‘Renegotiation with a Reformed EU’ is now the declared British way forward out of the EU tangle. Ideas and shopping lists abound about the issues needing renegotiation – from the technical to the fundamental. Many of them would require changes in the EU Treaties.
But what about the reform part of the strategy? Where and how is that going to start?
Rather than becoming bogged down in sterile, bilateral and ultimately divisive arguments about Britain’s relations and powers vis-a-vis the rest of the EU (a situation towards which events are currently fast slipping), Britain should take the initiative in reforming (i.e. changing the direction of) the EU as a whole.
The British need to make and win the case for a better sort of Europe, more attuned to the 21st century and the digital age – and do so in a manner which wins over allies throughout the EU. It must be shown, as so many across the EU privately acknowledge, that the integrationist doctrine has reached its limits and goes flatly against the powerful trends of modern technology and that a more sustainable model is available.
From both Eurosceptic and Europhile wings it will be asserted that this is ‘not on’ and that the rest of the EU ‘will never have it’. But these views are rapidly becoming out of date. Big forces are building up not only at national and political level throughout Europe, but also at the levels of intellectual argument and theory, which invalidate the old integrationist case and put in reach the alternative, but still constructively European, model of flexibility, diversity and decentralisation of powers.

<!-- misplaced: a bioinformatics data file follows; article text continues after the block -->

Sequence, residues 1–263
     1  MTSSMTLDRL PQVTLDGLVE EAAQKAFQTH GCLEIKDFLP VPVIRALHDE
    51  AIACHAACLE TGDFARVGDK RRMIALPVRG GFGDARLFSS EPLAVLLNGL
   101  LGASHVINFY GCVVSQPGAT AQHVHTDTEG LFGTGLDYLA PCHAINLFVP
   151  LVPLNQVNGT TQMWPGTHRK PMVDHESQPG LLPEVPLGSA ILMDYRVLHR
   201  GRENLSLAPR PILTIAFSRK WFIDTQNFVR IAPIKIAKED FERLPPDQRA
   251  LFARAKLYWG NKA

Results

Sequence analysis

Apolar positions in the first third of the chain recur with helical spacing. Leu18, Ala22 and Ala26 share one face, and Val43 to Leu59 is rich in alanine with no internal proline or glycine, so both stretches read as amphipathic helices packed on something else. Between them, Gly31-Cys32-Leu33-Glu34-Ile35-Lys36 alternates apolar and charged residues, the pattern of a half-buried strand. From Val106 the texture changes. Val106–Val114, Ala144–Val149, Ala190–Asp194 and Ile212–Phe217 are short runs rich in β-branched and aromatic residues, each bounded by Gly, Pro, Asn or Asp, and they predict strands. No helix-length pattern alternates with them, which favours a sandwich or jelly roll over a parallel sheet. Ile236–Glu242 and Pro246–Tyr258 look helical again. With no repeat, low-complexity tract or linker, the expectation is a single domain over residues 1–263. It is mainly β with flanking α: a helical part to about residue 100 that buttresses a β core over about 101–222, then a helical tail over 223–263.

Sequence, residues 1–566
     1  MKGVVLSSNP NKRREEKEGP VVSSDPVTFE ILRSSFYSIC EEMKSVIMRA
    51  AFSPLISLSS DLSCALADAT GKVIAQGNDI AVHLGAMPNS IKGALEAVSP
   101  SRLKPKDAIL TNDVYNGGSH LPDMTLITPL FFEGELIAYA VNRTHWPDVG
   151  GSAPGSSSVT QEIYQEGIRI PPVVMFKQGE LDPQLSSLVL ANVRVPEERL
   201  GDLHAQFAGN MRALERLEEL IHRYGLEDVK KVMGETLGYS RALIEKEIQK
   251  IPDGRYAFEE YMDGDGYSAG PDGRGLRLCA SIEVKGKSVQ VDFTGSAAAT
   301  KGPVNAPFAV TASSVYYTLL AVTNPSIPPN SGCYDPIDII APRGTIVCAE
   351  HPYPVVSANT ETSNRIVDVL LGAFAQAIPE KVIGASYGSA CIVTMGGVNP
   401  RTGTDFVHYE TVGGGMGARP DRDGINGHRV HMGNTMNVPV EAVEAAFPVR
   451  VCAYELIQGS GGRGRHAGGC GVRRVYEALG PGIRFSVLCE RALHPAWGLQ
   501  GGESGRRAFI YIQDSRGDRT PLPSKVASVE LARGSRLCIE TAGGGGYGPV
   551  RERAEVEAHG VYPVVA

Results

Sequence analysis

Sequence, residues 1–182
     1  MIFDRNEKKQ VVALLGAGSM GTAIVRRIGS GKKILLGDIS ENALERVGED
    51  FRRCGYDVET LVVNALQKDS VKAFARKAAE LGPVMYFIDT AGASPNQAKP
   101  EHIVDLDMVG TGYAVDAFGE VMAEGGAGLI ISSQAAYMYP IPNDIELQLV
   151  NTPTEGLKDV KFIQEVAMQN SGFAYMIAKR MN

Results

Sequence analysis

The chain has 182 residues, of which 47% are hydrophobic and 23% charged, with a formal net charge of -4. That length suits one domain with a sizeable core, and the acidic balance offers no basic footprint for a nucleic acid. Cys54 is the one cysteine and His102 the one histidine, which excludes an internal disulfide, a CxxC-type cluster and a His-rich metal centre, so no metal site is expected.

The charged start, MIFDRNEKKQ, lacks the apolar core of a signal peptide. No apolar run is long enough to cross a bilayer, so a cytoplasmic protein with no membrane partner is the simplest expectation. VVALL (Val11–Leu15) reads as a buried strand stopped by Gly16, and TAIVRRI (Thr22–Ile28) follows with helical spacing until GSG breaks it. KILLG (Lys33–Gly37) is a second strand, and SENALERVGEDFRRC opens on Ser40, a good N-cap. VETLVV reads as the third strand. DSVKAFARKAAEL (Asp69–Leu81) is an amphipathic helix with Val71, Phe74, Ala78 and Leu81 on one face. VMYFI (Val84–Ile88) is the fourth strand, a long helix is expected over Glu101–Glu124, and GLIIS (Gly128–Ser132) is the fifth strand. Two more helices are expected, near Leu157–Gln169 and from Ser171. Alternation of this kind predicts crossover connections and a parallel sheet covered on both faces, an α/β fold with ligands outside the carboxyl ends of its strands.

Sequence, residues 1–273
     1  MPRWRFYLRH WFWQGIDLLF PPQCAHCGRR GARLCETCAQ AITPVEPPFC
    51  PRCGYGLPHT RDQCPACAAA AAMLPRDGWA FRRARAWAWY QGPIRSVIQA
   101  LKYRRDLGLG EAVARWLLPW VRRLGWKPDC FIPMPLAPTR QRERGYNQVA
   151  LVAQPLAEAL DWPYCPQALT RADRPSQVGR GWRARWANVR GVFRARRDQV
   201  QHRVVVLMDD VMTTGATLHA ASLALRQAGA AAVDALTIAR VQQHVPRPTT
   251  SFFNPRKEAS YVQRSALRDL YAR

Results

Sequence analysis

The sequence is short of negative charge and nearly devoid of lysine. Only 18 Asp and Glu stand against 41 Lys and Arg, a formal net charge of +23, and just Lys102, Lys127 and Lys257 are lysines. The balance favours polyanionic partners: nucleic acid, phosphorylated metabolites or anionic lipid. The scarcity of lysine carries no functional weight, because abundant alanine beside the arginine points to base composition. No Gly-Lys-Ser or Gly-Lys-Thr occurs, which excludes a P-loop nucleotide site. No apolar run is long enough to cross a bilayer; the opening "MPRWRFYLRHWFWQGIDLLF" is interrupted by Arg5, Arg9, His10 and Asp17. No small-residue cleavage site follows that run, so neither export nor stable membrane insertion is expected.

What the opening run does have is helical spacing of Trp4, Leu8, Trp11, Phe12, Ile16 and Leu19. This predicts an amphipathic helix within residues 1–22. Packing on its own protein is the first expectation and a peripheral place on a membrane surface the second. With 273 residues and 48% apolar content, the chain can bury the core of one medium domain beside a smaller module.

Most of the current campaigns for change on the EU front have started from the narrower and shallower assumption that integration will prevail for the ‘core’ majority of member states, that it will work and that this therefore gives Britain no choice but to laboriously (and probably unsuccessfully) review its relationship with Brussels on a bilateral basis. Far better and more convincing would be the starting point that integrationism is not the best thing for modern Europe at all, that it probably will not work and that new ideas can do more for the EU, and its future health and interface with the rest of the world, than the prevailing ‘more Europe’ orthodoxy can ever deliver. In other words, the whole direction of the modern EU can and must be changed if it is to lift itself out of the paralysis, stagnation and deflation which now stalks it.
Beyond the arguments of economists, many other professions and disciplines can be summoned in aid of radical change. The spearhead principles today in science, biology and engineering all point towards self-assembly and self-regulation, and against central compression. From these new perspectives and insights flow the practical arguments for unravelling the existing accumulated acquis, for more competition, and for bringing social and economic policy much nearer the shop floor and the local office.
The British prime minister, David Cameron has warned that ‘the EU is an organization in peril’. But his voice is only one of many throughout Europe – for instance in German business, French politics, in the Netherlands, in Scandinavia and in the struggling Club Med member states – saying that the EU cannot go on its present form. Another attempt at unilateral British recapture of EU competences is therefore bound to be a dead end.
Instead, the broader argument has to be won, as it now can be, against the traditional EU integrationist model and in favour of a more decentralised, modernised EU structure. This reform strategy has to be built up and promoted (with allies) in a pro-European manner, as an attractive model for all those who genuinely want to see the EU survive and prosper in the now totally transformed international landscape.
*Lord Howell of Guildford served as Minister of State at the FCO (2010-2012) and is the author of Britain and the EU: The momentum for reform, in Politeia’s series on The UK and the EU: What principles should inform renegotiation?